Diversity and inclusion: why don’t they care?

A bearded man in a white shirt leans back from his desk and computer. He is laughing and has a sticker on his forehead that reads, be happy.The Fifth Estate has published a very interesting article titled, Why people hate on diversity and inclusion (and how to get them not to). It’s by the CEO of Diversity Council Australia, Lisa Annese. She argues that when diversity and inclusion fall on certain ears it raises hackles as being a problem. She quotes David Gaider, “Privilege is when you think something is not a problem because it’s not a problem to you personally.” Annese discusses the research that shows the more diverse a company’s workforce, the more satisfied the whole workplace is, and that leads to improved productivity. It should also lead to better service for their customers. They are a diverse lot too!

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Universal Design at Work

five young people in the picture, two men, three women. Three are sitting on couches, and two stand behind. They look like they are having a discussion. Four are white, there is one black woman.The principles of universal design can be applied to the workplace as well as the built environment. Some of the basics are covered in Sean McEwen’s slide presentation, “Workplace Diversity Strategies: Utilizing Universal Design to Build an Inclusive Organization” such as:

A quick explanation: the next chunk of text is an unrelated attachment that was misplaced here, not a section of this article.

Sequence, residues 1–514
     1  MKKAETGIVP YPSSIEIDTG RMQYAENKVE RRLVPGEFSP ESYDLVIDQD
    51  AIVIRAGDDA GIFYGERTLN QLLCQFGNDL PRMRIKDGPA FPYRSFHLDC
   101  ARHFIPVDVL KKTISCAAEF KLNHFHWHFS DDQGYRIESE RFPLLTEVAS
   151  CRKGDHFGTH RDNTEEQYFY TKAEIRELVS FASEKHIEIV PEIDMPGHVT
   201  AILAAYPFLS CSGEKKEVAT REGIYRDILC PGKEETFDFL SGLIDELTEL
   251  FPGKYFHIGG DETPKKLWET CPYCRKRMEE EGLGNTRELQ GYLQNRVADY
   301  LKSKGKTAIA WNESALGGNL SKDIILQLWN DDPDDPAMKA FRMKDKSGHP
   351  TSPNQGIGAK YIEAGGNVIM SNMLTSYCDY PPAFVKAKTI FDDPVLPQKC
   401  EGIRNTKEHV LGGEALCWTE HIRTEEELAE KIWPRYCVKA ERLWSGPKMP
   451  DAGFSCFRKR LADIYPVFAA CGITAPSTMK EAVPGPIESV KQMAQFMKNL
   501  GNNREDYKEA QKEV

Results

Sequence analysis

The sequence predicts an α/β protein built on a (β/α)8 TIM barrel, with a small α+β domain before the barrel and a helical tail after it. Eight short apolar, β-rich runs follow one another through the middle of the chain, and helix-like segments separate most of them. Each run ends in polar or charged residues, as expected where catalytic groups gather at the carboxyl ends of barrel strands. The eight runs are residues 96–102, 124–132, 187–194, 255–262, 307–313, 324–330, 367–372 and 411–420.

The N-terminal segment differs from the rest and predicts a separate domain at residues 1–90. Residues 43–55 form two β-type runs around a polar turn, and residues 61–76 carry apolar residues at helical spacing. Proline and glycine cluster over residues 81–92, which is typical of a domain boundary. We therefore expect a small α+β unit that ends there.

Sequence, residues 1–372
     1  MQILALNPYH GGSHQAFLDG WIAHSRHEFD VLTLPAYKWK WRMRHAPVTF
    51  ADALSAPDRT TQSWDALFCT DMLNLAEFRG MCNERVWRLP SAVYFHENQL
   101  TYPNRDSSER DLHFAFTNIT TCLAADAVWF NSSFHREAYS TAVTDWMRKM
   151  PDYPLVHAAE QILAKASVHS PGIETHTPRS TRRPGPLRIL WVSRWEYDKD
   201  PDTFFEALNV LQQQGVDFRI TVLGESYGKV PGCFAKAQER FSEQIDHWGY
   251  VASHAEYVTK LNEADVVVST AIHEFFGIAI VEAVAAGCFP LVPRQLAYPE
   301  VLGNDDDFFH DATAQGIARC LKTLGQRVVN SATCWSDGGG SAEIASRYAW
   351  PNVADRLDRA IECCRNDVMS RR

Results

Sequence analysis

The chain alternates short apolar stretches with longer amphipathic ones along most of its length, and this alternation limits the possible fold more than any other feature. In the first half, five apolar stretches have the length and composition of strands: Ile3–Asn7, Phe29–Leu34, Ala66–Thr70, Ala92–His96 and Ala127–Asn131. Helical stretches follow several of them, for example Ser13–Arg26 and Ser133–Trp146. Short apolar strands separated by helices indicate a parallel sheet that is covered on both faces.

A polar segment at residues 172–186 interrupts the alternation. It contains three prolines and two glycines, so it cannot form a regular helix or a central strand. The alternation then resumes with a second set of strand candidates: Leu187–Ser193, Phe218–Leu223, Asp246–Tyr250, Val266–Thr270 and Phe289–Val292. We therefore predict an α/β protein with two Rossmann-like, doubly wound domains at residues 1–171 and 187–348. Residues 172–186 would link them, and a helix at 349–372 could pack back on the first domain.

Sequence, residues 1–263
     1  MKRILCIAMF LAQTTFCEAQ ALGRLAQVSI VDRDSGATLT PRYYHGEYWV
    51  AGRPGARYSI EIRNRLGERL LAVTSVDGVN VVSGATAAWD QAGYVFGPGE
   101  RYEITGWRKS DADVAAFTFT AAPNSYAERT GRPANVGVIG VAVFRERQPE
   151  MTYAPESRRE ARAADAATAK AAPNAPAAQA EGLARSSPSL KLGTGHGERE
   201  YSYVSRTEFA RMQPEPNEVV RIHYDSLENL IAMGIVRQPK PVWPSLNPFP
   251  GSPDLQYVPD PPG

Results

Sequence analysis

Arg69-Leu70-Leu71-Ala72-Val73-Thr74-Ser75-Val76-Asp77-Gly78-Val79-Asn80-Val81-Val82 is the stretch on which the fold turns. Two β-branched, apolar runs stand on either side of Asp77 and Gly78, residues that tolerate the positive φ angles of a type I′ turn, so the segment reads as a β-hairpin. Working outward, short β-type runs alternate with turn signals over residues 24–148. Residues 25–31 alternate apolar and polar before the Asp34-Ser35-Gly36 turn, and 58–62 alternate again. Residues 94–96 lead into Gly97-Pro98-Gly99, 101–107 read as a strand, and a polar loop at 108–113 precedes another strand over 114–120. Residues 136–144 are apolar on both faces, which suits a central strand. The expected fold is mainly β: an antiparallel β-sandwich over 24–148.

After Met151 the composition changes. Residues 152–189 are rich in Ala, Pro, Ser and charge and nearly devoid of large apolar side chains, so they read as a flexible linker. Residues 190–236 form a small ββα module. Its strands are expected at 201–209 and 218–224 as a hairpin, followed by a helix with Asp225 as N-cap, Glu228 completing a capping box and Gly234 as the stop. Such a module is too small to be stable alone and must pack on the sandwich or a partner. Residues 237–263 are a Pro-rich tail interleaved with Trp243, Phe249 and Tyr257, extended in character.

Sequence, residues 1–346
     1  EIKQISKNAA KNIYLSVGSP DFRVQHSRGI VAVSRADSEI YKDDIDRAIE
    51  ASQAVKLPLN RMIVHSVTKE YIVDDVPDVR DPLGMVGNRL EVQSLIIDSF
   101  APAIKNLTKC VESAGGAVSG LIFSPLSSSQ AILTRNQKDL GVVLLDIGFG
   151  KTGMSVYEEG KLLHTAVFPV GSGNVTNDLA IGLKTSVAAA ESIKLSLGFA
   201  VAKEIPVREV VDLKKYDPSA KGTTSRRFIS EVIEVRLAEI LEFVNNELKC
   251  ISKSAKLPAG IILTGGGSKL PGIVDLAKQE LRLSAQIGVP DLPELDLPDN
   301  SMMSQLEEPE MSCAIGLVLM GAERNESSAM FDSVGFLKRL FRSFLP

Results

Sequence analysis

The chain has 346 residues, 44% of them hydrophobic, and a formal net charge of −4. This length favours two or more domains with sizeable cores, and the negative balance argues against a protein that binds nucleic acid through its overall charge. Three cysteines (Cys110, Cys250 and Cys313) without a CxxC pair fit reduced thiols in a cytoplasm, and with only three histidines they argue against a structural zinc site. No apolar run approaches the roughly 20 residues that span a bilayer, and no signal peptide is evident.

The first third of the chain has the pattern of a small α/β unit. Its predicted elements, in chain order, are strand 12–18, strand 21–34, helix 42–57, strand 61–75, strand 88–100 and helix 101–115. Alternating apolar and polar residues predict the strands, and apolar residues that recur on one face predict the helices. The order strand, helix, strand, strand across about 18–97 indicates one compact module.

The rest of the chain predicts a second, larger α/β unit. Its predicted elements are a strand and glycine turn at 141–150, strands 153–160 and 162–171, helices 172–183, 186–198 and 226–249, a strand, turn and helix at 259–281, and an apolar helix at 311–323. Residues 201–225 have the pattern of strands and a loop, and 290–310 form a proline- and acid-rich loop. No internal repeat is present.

Physical accessibility (ramps, ergonomics, work stations)   
Systemic accessibility (protocols, polices, flexibility)
Leadership / Interactional Competencies (cultural agility, EQ)
Work Culture Accessibility (inclusive, employee well being etc)

The presentation addresses the question, “How do we intentionally design recruitment and onboarding protocols and workplace cultures that work for everyone?” It covers cultural agility, micro inequities, wellbeing at work, and strategies for building an inclusive team, among other topics. There is also an employment toolkit with various sections that can be downloaded. While the focus of this web tool is on people with disability, the principles can be applied to any group that is considered part of population diversity. This resource comes from Canada.

For an Australian perspective on similar issues, see the Australian Network on Disability (AND). They specialise in creating disability competent organisations and businesses. 

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What age is working age?

An older man carries a briefcase and looks in the window of a commercial building. A younger blonde woman carries a large red bag and is wearing a blue suit.Time to ditch the age stereotypes when hiring and retaining workers. Whether a person is young or old has no bearing on their suitability for a postition. Stereotypes and suggested generational clashes created by media stories have not helped employers realise this. Taking an age neutral approach to workplace policy is the answer. Philip Taylor says, “There’s very little evidence to support the notion that older workers perform better than younger workers or younger workers perform better than older workers”. Read Philip Taylor’s article in the CPA newsletter and get his tips for employing older workers and the links to his research.